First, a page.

Pentecost is considered by many as a denomination in some of today’s churches, but more important than that, Pentecost was and is a new birth experience. On that day of ”Pentecost”, God’s Holy Spirit came upon the waiting praying disciples, who had gathered with others in the upper room at Jerusalem. Their complete dedication and commitment to the Christ and His commission, evoked a mighty baptism of God’s power. This outpouring was evidenced initially by their speaking in tongues (Acts 2:4). The Spirit was resident in their lives from that moment as they witnessed many outstanding miraculous happenings (Acts 3:1-7; 4:31). As a result, they were able to lead victorious lives as Christians in Christ as a result of their Pentecostal experience.
It is important to note that on the ”Day of Pentecost”. In addition to the outpouring of the Holy Spirit, there were two baptisms disclosed. There was a baptism in the Holy Spirit with the evidence of speaking in other tongues, and the proclaiming of water baptism in the name of Jesus Christ by Peter (Acts 2:38). The baptism of the Holy Spirit is what Jesus referred to as being “born again” in John 3:3-7. The second baptism, was the fulfillment of Matthew 28:19, where Jesus commanded them to baptize in the name of the Father, the Son, and the Holy Spirit.
Whether you have been observing Pentecost for years, or whether it is a completely new concept to you, here are a few reasons why celebrating Pentecost this year might be a good idea.
1. Pentecost Reminds Us Of The Holy Spirit.
For some Christians, the Holy Spirit is kind of like “the forgotten God,” as Francis Chan expressed it. We talk much of “God,” or “Jesus,” but the Holy Spirit gets less attention. Maybe it’s because we don’t understand Him. Maybe we’re afraid of “getting all charismatic.” Whatever the case, Pentecost is worth celebrating if, for no other reason, we celebrate the Holy Spirit. In so doing, we neglect him no longer.
2. Pentecost Reminds Us Of The Power Of The Holy Spirit.
If a single word could be used to describe the events on Pentecost, it would be the word, “power.” To a huddled group of discouraged disciples, there came the sound of hurricane-force winds, the strange presence of flames above each head, and then an explosion of gospel witness that catapulted the Jerusalem church to a force that was too large to ignore. When several dozen men and women proclaim the truth among thousands of people, each one hearing them in his or her own language, you know something powerful is at work. Pentecost was where it started.
3. Pentecost Reminds Us Of The Importance Of The Great Commission.
In order to really grasp the “why” of Pentecost, it helps to understand the “when.” Pentecost took place on the heels of Jesus’ final command, “Go and make disciples.” After a brief pause — like the calm before a mighty storm — the Holy Spirit arrived. A major part of his mission was to empower the disciples to fulfill Christ’s command. The injunction to make disciples of all nations and teach them all things is a tall order. Only the Spirit could aid them. When we celebrate Pentecost, we can’t help but realize the magnificent responsibility we have been given in the Great Commission.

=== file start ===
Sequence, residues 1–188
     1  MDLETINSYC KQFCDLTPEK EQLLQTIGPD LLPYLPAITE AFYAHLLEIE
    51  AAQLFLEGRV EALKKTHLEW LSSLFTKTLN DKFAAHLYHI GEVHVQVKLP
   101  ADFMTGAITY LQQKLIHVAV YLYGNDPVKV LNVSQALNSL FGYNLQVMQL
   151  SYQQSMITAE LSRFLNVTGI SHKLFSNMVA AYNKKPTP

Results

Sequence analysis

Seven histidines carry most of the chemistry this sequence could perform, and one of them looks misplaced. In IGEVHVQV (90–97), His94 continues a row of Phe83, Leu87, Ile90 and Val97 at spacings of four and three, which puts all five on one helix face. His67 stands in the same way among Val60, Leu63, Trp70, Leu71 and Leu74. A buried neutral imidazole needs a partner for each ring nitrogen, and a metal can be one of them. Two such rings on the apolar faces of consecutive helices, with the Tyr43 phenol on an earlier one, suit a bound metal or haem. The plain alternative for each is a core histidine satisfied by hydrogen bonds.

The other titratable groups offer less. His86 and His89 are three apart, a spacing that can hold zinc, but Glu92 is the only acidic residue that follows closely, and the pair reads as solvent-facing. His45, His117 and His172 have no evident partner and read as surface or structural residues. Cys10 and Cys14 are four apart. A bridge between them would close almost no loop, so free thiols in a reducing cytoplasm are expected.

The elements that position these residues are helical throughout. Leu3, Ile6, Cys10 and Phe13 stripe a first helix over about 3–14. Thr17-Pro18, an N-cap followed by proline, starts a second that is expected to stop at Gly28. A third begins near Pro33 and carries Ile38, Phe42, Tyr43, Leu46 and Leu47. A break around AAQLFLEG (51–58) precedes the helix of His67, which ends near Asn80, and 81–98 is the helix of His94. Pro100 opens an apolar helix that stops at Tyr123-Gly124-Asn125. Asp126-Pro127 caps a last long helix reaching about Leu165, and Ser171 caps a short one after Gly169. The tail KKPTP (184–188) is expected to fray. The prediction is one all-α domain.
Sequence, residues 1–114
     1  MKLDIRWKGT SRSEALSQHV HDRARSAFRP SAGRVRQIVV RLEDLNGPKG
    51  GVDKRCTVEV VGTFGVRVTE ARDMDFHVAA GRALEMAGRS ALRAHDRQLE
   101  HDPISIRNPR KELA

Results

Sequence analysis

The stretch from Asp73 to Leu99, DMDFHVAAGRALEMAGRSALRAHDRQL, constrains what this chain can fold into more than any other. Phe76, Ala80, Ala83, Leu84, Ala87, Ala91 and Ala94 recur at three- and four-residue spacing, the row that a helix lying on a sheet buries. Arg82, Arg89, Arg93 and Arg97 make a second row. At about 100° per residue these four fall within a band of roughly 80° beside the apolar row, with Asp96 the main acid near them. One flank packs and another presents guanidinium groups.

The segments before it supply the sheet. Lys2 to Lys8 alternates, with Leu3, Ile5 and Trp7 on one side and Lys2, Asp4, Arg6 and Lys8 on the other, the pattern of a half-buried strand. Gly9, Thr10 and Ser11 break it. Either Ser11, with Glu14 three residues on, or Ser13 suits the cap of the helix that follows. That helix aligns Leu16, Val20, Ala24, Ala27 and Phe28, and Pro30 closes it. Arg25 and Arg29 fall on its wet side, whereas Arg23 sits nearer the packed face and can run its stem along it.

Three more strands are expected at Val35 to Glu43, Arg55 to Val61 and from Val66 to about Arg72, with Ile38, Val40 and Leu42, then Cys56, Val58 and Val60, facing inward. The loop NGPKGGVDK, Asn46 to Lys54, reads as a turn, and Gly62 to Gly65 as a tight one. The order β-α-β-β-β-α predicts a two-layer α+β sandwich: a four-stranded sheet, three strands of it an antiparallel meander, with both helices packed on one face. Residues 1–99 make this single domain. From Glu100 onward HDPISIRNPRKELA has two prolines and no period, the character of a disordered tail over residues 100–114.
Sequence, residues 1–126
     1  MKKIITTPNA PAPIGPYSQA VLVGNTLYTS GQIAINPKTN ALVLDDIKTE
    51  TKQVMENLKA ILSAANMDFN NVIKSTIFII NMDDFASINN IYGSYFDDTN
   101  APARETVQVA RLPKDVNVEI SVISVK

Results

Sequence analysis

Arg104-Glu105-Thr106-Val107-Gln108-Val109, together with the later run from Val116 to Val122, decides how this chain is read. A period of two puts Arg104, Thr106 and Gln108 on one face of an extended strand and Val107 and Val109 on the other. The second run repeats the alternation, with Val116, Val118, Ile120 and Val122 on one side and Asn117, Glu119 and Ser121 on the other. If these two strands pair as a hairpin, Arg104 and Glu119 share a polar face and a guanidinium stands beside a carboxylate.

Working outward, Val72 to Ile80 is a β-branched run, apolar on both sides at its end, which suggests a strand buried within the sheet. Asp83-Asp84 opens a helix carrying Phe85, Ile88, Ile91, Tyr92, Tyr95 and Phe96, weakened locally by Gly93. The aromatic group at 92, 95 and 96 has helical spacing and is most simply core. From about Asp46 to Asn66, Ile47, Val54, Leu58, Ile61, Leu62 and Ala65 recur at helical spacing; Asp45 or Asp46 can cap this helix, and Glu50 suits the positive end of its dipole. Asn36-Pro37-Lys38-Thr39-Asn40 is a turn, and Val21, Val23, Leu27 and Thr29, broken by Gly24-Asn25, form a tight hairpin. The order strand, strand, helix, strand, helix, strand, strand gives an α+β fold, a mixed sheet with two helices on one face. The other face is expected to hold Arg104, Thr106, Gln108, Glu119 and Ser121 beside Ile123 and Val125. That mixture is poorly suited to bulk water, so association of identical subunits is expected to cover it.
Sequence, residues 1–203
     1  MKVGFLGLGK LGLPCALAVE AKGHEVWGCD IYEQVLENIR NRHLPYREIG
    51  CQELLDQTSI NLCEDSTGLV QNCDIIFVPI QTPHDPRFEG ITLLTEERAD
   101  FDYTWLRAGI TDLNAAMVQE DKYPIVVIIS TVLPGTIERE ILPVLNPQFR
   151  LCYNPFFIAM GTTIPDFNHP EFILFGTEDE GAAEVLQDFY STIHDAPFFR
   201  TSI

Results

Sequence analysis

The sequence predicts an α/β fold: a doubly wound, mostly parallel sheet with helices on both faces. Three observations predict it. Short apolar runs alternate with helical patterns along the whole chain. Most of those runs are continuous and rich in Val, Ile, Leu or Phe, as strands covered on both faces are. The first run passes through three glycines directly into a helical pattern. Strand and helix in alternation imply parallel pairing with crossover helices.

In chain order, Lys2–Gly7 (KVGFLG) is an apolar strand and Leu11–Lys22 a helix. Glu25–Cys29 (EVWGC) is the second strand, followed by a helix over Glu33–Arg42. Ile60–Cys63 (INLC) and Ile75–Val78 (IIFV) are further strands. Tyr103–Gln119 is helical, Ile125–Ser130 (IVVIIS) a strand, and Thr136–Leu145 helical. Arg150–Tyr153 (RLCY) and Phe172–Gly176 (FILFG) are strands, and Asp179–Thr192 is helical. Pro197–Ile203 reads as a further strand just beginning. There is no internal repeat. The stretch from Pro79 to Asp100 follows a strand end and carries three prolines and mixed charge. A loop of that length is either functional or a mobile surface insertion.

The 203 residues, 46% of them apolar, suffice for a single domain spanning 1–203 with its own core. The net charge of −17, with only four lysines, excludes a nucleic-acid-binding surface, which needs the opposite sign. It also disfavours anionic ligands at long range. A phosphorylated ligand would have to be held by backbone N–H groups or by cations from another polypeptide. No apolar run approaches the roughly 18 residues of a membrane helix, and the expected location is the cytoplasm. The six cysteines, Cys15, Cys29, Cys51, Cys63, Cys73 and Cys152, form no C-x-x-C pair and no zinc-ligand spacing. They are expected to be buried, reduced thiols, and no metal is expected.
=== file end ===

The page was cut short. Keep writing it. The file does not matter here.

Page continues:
4. Pentecost Encourages Us In Our Labor.
The Book of Acts opens with a bang — the Holy Spirit arrives (Acts 2:2) and the world begins to be turned upside down by the Church (Acts 17:6). The remainder of the Book of Acts chronicles the tireless labor of Peter, Paul, and others as they experience labors, imprisonments, beatings, being stoned, shipwrecks, danger from rivers, danger from robbers, danger from their own people, danger from Gentiles, danger in the city, danger in the wilderness, danger at sea, danger from false brothers; in toil and hardship, through many a sleepless night, in hunger and thirst, often without food, in cold and exposure. How in the world did they keep going? It was the Spirit. Throughout the entire Book of Acts, we see the theme of the Holy Spirit’s activity. He appears on virtually every page in the book. Although the book is traditionally called “The Acts of the Apostles,” it is more appropriate to call it “The Acts of the Holy Spirit.” This should encourage us. We, too, are hard at work — in our churches, in our workplace, in our homes, in nurseries, in VBS, in sharing the gospel, and in living out our faith. Where do we get the strength to go on? It is from the Holy Spirit. Pentecost gives us a wonderful opportunity to look afresh at our God, the Holy Spirit, and experience the encouragement that He delights to give.
5. Pentecost Gives Us Hope.
One of the reasons why celebrating Pentecost is such a glorious thing is because of its hope-giving power. When the disciples scurried off to their upper room retreat after Jesus’ ascension, they may have been a rather discouraged group. Here they were — a handful of people, invested with great truth, and commissioned with great promise. But where was the power? What could they do? The arrival of the Holy Spirit was nothing short of shocking. In His power, they had hope. Things were happening! Thousands were converted! The church mushroomed in size! The truth was proclaimed in every language! Here was hope! But what about today? Is there any hope for us today? Absolutely, yes. We have the same Holy Spirit, and He is no less powerful than He was at Pentecost.
6. Pentecost Overwhelms Us With A Sense Of Awe And Reverential Worship.
Those who meditate little upon the greatness of God will little appreciate his infinitude. But when we look — really look — at our God in all His fullness, we can’t help but be overwhelmed. Seizing opportunity at Pentecost to meditate upon the Holy Spirit will create in every believer a yearning for His power and a sense of humility in the face of His grandeur. This Holy Spirit whom we so easily take for granted — living in us — is God, in all His holiness, infinity, majesty, and glory.
Thank you Daniel Threlfall